Needing to fill the position of general manager of his company, and believing that an executive's wife is crucial to her husband's success, auto industry mogul Gifford brings three couples to New York to size up: Jerry and Carol: he hard-driven and self-reliant, she willing to use her beauty to further her husband's career; Sid and Elizabeth, he ulcer-ridden and torn between achieving success and restoring their troubled marriage, she positive that his job will kill him, but gamely agreeing to play the good wife for the duration; and down-to-earth Bill, whose good-natured Katie fears that his promotion would spell the end of their idyllic familiy existence.Written by
Paul Penna <firstname.lastname@example.org>
Ranked in the top 25 box office hits of 1954. See more »
In the scene where Katie is looking in the Macy's windows, the street scene behind her does not change when she moves from one window to another. The same rear projection continued to play for both windows. See more »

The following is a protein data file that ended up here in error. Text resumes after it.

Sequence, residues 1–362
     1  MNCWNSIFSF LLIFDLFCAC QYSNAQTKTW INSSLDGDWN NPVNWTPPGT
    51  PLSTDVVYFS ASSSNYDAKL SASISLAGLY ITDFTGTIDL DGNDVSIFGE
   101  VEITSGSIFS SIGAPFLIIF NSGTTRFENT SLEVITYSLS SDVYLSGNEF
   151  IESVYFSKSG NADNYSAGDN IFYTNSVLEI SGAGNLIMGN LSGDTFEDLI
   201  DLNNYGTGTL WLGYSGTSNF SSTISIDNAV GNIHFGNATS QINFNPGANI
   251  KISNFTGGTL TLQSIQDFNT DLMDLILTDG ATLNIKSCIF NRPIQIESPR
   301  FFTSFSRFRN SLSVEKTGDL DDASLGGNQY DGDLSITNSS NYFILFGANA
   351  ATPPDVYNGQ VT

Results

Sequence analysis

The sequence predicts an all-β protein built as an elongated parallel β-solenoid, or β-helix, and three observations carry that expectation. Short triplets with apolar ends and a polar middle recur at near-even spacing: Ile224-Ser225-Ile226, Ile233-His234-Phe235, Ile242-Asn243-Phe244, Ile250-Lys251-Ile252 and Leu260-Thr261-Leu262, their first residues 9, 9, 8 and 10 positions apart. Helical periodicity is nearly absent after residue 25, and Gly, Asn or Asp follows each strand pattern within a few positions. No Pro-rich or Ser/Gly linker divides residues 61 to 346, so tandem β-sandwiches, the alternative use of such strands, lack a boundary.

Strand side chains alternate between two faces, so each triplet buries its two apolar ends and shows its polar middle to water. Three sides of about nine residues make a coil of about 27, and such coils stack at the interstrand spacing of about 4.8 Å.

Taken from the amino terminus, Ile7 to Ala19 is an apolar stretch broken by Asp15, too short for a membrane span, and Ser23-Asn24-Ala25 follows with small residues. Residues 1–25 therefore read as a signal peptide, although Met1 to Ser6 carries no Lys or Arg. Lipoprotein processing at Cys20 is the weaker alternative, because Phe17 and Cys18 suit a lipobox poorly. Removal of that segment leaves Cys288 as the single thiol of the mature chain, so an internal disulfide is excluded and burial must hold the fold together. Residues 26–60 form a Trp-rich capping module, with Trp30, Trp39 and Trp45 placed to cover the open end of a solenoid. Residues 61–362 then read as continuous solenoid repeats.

Big June Allyson fan when I was a kid, crush and all. The girl next door, after all...but not next door to me. And now, years later, I can see why the crush: she was a doll! That wonderful voice and sweetness of heart. But now, of course - Lauren Bacall has a voice of a different octave, touched with her unique wry delivery. She's a grown-ups dream. So - you all know the story line - 3 men (and their wives as representatives) are up for a position of significance with Clifton Webb the decision maker. Cornel Wilde (Allyson), Fred MacMurray (Bacall) and Van Heflin (Arlene Dahl) are the contenders. Blatant technicolor and wonderful scenes of New York City - where I happen to be from - gloriously displayed and minus the chronic scaffoldings that adorn every street these current days. With their very different personalities, they vie. If you like just a few of these actors, you'll be happy enough. If you like a good story line and are not especially discriminating, you'll be happy enough. A few good scenes - the dress shopping spree with Bacall and Allyson, the last couple of moments of the show down, etc. - are all there is, basically. Clifton Webb, thankfully, toned down the typical superiority that he constantly indulged in. It was 1954 after all and it shows all over the place.
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